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  1. #1
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    I never read. Recommend me books!

    So I will be completely honest. I never read books. Last book I read was in junior year of high school, which is a while ago.

    I am trying to change that but with all the things I have going on right now I end up getting bored and never finishing anything.

    So.. Any good recommendations? Something that I wont drop after the first sitting? I like fantasy and sci-fi genres but I am open to anything at this point. Need a good page-turner.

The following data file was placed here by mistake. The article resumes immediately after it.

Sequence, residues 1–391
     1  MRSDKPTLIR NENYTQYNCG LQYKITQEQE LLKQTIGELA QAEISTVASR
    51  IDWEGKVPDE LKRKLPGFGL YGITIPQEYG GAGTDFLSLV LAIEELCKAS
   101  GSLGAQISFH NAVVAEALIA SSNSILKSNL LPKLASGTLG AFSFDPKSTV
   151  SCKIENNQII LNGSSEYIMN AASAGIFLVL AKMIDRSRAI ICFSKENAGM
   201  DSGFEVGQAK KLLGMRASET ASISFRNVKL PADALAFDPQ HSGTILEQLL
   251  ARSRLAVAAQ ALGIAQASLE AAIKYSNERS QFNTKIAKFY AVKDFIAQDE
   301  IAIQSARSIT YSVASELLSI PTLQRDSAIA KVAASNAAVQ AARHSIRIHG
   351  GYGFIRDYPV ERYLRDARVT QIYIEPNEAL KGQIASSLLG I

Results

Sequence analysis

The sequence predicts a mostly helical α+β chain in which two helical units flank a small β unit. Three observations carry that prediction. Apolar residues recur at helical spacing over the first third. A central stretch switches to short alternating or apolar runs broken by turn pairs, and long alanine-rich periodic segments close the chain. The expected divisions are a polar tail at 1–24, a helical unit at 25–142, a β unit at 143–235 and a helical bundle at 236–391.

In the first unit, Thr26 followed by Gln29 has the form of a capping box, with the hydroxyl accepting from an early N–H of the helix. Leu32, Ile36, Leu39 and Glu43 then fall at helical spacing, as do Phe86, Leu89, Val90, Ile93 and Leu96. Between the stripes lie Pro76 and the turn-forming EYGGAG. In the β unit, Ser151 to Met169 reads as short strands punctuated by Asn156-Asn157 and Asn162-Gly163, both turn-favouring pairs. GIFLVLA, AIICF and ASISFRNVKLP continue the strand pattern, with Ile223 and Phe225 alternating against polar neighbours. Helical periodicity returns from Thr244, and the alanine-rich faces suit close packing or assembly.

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  3. #2
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    It's difficult to recommend stuff to people without having any idea of what their tastes are. My recommendation is to go to Goodreads and check out their lists page. For example this one: https://www.goodreads.com/list/tag/fantasy

    Look for books that have a rating of 3.8 or better. Most of those are going to be well-written, whether you are personally interested in them or not. I've discovered that YA and Paranormal Romance readers get disproportionately excited about their books so some of the ones that have 4 ratings in those genres are mediocre. But otherwise this is a great way to discover a ton of really good books.